‘Goldilocks’ Irish economy faces numerous threats - NTMA chief
State still borrowing money just to pay interest costs, event told
NTMA chief executive Conor O’Kelly. Photograph: Sara Freund/The Irish Times
“Ireland is still borrowing money just to pay its interest costs,” the chief executive of the country’s debt agency said at an event in Dublin on Friday.
Speaking at the Ireland Strategic Investment Fund (ISIF) market engagement event, Conor O’Kelly, the chief executive of the National Treasury Management Agency (NTMA), flagged that while Ireland’s debt to GDP ratio had fallen below the European average, the fact that our debt is 2.7 times government revenue is a concern to investors.
“The interest bill is our fourth largest Government expense - after social protection, health and education. It costs €16.5 million per day just to service the interest on our national debt,” he said.
Mr O’Kelly said that while some are referring to Ireland as the Goldilocks economy - not too cold, not too hot, but just right - the NTMA is concerned about Brexit, rising interest rates and Ireland’s exposure to US multinationals in the global tax environment.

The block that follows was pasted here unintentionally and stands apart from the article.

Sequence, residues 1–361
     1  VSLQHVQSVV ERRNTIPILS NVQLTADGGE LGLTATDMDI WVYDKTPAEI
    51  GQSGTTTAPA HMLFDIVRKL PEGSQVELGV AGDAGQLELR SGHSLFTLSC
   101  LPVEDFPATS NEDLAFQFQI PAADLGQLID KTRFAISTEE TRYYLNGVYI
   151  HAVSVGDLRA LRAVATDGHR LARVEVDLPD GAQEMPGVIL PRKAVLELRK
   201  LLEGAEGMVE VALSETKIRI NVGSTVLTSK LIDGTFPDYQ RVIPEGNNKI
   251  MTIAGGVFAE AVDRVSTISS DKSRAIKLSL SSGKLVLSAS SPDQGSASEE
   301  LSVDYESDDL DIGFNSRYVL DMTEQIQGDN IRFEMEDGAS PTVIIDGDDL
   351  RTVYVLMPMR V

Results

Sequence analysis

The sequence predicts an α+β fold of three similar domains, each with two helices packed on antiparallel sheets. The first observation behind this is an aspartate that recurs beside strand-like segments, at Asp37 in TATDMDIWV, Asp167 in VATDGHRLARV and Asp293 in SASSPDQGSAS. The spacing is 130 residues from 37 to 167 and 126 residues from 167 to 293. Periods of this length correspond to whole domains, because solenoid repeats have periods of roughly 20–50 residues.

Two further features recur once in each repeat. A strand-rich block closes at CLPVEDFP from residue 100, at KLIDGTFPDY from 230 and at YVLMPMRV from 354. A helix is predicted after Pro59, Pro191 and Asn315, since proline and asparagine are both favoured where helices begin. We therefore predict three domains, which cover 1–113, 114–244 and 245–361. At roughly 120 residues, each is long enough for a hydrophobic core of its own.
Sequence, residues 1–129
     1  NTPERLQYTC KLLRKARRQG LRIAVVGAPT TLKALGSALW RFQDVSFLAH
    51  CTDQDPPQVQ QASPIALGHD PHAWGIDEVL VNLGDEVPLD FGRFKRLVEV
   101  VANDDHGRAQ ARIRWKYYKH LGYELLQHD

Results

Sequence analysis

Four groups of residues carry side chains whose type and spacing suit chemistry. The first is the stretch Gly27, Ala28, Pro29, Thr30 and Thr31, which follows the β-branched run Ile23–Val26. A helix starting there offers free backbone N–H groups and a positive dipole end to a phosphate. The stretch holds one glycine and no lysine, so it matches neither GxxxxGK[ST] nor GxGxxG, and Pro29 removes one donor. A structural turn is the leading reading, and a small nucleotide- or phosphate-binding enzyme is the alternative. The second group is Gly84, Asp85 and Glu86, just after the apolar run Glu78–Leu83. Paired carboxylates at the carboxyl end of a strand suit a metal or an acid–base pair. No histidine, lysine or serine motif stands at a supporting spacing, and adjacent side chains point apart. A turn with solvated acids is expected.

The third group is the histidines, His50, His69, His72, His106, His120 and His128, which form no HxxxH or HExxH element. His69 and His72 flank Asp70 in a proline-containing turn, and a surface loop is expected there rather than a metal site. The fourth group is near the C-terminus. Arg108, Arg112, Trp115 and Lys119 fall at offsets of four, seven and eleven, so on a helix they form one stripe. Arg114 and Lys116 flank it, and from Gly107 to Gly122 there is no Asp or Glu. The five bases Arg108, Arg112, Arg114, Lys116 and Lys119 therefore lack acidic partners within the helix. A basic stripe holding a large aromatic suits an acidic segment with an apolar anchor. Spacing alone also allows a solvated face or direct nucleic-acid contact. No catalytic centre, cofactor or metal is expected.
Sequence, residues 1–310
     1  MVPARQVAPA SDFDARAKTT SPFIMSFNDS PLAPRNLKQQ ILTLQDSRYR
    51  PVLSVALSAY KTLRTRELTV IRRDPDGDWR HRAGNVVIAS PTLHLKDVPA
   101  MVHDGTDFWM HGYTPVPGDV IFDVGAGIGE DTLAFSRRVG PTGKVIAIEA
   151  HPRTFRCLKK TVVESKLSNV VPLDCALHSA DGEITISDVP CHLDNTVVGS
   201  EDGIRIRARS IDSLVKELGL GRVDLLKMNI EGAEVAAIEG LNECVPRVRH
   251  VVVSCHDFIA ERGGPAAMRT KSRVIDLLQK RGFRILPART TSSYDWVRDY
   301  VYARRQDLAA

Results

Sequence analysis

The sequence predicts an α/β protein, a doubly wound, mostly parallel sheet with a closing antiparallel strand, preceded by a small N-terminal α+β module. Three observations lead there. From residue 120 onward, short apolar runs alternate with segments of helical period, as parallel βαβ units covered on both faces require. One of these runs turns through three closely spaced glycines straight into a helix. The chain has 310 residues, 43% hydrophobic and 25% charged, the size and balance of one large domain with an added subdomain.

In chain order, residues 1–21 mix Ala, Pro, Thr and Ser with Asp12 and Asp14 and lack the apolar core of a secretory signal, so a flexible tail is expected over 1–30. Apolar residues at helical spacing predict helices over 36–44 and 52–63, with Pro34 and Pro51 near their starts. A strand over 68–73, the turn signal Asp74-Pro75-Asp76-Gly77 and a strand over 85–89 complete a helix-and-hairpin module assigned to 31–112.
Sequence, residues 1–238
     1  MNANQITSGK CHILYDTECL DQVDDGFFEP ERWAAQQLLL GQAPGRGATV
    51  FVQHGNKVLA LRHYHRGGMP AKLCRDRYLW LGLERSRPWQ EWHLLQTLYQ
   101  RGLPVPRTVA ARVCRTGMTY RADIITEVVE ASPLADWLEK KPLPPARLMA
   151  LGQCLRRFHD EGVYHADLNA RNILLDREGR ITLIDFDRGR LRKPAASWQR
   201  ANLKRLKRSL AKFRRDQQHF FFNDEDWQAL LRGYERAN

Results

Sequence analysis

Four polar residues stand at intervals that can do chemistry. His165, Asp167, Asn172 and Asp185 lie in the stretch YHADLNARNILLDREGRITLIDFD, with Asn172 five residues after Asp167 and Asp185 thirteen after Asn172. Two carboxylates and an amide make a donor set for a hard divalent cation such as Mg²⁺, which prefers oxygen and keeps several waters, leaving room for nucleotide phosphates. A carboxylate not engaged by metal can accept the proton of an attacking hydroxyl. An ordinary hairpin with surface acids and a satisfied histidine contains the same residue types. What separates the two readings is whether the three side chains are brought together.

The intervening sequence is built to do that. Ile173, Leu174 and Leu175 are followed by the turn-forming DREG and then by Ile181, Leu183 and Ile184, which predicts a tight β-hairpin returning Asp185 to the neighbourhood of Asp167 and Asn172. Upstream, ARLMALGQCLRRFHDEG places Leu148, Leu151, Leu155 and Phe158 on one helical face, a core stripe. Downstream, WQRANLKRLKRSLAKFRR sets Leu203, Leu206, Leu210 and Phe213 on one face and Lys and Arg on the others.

Increase debt bill
The NTMA executive noted that the low interest rate environment is coming to the end, something which will ultimately increase Ireland’s debt bill. He said that Ireland has been “one of the largest beneficiaries of the current monetary policy”, but that we’re still a “very indebted country”.
Notwithstanding all the concerns, Mr O’Kelly said Ireland is better known for how it got out of the crisis than for how it got into it and “Ireland’s reputation is strong”.
“Confidence in our policy makers and politicians is justifiably high and that confidence is reflected in our tight credit spreads,” he said.